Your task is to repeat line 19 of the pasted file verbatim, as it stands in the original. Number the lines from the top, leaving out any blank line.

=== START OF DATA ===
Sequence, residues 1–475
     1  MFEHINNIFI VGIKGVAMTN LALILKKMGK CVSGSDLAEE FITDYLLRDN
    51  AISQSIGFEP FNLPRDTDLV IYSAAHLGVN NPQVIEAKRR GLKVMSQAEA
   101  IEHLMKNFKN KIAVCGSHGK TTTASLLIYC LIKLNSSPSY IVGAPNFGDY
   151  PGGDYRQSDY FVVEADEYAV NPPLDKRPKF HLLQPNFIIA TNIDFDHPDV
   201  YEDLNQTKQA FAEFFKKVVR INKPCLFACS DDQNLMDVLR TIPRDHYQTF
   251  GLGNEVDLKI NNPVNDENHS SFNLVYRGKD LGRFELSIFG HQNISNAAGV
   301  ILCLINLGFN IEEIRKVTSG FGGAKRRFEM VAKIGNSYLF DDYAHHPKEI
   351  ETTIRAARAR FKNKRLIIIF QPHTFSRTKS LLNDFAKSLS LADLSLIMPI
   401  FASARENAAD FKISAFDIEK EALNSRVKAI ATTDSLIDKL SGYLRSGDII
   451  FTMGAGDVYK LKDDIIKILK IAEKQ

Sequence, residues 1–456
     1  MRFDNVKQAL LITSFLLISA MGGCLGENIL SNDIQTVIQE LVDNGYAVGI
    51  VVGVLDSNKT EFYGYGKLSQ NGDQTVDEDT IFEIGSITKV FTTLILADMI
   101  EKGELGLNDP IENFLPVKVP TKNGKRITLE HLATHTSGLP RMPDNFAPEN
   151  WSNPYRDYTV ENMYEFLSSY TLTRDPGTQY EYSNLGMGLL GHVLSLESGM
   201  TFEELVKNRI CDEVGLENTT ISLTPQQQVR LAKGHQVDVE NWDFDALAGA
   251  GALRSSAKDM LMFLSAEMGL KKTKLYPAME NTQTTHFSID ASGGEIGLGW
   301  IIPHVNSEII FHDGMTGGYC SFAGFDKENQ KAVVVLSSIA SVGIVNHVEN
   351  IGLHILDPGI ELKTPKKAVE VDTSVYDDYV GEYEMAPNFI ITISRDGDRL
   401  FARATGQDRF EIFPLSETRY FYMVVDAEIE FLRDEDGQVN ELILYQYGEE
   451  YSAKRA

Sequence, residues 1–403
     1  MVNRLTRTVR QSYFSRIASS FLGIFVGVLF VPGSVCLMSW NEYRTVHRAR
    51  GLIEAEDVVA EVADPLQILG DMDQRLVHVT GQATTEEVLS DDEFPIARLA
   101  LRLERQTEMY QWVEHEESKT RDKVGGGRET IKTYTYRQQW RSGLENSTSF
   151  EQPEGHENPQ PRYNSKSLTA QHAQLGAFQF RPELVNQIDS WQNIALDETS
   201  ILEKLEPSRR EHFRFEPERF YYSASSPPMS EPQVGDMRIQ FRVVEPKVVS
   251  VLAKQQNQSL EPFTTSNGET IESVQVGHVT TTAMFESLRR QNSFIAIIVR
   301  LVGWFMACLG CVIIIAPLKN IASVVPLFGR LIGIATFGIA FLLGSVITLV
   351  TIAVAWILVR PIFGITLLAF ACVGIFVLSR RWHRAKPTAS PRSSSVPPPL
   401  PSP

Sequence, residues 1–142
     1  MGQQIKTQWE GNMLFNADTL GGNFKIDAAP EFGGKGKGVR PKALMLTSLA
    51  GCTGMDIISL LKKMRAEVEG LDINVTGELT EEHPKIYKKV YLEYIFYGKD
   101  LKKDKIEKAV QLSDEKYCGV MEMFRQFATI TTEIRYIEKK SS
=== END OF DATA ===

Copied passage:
   301  IIPHVNSEII FHDGMTGGYC SFAGFDKENQ KAVVVLSSIA SVGIVNHVEN